The trail less traveled: Analytical approach for creating shortened versions for virtual reality-based color trails test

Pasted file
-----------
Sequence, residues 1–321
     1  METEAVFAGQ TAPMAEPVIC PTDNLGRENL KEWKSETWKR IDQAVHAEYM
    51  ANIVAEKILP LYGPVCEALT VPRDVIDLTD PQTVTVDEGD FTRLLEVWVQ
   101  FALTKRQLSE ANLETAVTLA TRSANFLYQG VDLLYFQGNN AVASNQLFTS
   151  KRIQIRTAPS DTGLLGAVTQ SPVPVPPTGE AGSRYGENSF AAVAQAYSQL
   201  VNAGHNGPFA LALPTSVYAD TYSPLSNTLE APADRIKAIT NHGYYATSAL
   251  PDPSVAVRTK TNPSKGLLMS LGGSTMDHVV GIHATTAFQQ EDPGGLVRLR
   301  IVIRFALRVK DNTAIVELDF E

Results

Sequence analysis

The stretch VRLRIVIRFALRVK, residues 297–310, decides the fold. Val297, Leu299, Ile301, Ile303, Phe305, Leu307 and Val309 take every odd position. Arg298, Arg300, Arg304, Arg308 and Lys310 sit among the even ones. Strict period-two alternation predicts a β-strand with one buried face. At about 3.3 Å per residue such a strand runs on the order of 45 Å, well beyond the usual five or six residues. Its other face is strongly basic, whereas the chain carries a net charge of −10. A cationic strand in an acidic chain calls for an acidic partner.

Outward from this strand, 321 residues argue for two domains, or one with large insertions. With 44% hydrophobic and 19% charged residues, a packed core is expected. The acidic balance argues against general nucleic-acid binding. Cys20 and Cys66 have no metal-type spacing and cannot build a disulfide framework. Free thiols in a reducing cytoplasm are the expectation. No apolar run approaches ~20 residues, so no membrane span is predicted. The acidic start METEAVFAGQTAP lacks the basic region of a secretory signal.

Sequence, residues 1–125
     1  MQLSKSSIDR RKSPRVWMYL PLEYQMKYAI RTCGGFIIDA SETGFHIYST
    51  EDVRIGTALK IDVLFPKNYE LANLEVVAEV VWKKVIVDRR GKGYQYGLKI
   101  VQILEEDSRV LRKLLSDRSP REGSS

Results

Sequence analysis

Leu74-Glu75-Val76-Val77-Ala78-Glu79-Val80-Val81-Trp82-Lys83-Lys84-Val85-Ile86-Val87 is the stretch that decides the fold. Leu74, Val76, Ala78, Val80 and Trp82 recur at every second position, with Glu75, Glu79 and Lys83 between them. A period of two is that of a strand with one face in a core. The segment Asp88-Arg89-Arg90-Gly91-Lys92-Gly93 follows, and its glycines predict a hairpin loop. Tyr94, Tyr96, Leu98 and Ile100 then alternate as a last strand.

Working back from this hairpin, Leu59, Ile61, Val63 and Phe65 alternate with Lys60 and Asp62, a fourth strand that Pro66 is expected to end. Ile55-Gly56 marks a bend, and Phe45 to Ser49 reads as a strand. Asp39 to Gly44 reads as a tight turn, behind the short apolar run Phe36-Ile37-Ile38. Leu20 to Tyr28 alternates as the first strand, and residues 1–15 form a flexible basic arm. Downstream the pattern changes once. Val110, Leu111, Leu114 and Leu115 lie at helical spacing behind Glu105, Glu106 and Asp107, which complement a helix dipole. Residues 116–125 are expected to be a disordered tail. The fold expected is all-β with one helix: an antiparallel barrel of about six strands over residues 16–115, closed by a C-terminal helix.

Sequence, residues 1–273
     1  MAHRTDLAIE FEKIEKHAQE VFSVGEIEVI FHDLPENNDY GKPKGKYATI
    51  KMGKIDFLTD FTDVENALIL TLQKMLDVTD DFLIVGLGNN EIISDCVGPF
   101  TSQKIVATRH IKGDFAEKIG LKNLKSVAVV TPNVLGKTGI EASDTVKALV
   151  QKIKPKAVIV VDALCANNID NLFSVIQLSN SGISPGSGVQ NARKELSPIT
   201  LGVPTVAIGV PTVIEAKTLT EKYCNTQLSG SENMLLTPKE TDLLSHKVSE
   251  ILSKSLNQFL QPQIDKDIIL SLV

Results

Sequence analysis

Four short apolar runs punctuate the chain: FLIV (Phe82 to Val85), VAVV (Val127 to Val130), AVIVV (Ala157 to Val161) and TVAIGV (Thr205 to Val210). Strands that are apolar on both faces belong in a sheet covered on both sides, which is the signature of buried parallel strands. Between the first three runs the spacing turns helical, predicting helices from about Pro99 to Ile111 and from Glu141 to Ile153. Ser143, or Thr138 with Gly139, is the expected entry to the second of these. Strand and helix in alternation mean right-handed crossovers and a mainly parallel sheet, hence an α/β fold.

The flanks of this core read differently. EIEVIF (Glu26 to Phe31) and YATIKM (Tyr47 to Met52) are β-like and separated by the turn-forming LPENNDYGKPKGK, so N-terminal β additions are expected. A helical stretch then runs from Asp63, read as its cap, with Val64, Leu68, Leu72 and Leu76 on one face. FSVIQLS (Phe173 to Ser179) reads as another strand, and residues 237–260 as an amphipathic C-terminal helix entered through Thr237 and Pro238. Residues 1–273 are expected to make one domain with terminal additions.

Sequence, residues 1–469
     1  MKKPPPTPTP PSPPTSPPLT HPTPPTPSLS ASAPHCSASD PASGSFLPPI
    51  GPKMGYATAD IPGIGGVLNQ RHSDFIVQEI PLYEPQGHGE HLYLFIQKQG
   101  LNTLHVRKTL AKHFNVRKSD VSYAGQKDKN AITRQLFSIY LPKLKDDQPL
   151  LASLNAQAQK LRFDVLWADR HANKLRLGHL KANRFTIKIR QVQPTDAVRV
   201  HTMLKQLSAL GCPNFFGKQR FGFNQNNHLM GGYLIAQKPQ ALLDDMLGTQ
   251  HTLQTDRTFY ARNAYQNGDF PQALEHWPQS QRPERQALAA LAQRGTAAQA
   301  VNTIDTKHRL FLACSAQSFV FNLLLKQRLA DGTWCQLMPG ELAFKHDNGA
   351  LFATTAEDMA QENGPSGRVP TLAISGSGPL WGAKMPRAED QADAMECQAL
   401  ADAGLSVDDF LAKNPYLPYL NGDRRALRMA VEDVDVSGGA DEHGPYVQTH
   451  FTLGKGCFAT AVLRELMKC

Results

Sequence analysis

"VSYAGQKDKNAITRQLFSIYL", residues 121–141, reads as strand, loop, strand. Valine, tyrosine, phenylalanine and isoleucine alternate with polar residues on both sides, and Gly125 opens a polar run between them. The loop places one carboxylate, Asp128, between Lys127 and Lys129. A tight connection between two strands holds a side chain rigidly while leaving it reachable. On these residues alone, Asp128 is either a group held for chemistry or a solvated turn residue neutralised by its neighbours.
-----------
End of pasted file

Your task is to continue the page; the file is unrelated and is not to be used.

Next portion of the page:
The Color Trails Test (“CTT”) is among the most popular neuropsychological assessment tests of executive function, targeting sustained visual attention (Trails A), and divided attention (Trails B). During the pen-and-paper (P&P) test, the participant traces 25 consecutive numbered targets marked on a page, and the completion time is recorded. In many cases, multiple assessments are performed on the same individual, either under varying experimental conditions or at several timepoints. However, repeated testing often results in learning and fatigue effects, which confound test outcomes. To mitigate these effects, we set the grounds for developing shorter versions of the CTT (<25 targets), using virtual reality (VR) based CTT (VR-CTT). Our aim was to discover the minimal set of targets that is sufficient for maintaining concurrent validity with the CTT including differentiation between age groups, and the difference between Trails A and B. To this aim, healthy participants in three age groups (total N = 165; young, middle-aged, or older adults) performed both the P&P CTT, and one type of VR-CTT (immersive head-mounted-device VR, large-scale 3D VR, or tablet). A subset of 13 targets was highly correlated with overall task completion times in all age groups and platforms (r > 0.8). We tested construct validity and found that the shortened-CTT preserved differences between Trails A and B (p < 0.001), showed concurrent validity relative to the P&P scores (r > 0.5; p < 0.05), and differentiated between age groups (p < 0.05). These findings open the possibility for shortened “CTT-versions”, to be used in repeated-measures experiments or longitudinal studies, with potential implications for shortening neurocognitive assessment protocols.